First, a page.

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Sir Edward Coley Burne-Jones’s Hope

Emily B. Collins, MPhil
Arch Facial Plast Surg. 2010;12(1):76-77. doi:10.1001/archfacial.2009.93.
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I mean by a picture a beautiful romantic dream of something that never was, never will be, in a light better than any light that ever shone, in a land no one can define or remember—only desire—and the forms divinely beautiful.” These words were written by Sir Edward Coley Burne-Jones in a letter to his close friend and frequent correspondent May Gaskell.1(p89)Throughout his long and successful career Burne-Jones sought to create images and objects that fulfilled this objective. Long before he met May Gaskell and became beloved by the “smart set” in London, Burne-Jones, born Edward Coley Burne Jones, had been known as plain Edward Jones, just like his father. He was born in Birmingham, England, on August 28, 1833. His mother's father, Benjamin Coley, was a jewelry maker, a popular profession in Birmingham at the time. His father was also involved in the world of craft and had opened a carving, gilding, and framing business, though without much success.2(p41)Burne-Jones' mother unfortunately died within a week of her son's birth, and his bereft father never remarried. Their home was said to be dull and undecorated, which may have lead the young Burne-Jones to dream of a more exciting existence.2(p42)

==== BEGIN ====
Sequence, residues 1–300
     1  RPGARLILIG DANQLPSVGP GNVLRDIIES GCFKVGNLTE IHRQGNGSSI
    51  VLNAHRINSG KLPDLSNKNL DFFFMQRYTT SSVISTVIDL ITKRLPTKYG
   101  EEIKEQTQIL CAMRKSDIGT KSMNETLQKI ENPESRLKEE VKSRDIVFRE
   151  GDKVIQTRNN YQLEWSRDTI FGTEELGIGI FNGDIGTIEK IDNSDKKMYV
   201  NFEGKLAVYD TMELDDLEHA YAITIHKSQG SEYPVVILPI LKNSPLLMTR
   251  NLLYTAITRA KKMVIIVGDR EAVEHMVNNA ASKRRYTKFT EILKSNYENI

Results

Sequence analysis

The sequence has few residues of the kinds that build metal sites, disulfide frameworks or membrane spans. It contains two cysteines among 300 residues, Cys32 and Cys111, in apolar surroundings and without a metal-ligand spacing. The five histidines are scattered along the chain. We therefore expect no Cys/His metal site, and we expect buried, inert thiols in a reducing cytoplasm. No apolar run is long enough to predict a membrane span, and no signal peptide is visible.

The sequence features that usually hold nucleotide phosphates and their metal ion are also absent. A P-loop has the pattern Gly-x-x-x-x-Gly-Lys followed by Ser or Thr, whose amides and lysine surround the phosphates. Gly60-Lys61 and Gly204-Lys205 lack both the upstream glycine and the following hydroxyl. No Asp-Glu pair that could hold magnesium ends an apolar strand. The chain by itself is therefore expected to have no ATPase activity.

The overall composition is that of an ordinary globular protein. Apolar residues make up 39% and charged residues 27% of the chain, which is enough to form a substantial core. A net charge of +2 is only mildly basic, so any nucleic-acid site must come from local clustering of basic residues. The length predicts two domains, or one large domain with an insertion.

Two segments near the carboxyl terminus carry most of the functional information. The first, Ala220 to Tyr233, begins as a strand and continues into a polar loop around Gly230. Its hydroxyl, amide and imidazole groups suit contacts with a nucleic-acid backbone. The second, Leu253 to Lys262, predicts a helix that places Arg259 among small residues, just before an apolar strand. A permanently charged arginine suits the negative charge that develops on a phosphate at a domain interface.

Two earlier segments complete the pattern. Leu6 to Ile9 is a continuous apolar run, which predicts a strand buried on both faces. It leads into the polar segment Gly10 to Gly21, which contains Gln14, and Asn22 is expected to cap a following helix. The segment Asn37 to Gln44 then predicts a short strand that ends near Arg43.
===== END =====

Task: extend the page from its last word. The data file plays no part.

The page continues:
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Sir Edward Coley Burne-Jones (1833-1898). Hope. Oil on canvas. 70½ × 25 in. Museum of Fine Arts, Boston, Massachusetts. Given in memory of Mrs George Marston Whitin by her 4 daughters, Mrs Laurence Murray Keeler, Mrs Sydney Russell Mason, Mrs Elijah Kent Swift, and Mrs William Carey Crane. 40.778.

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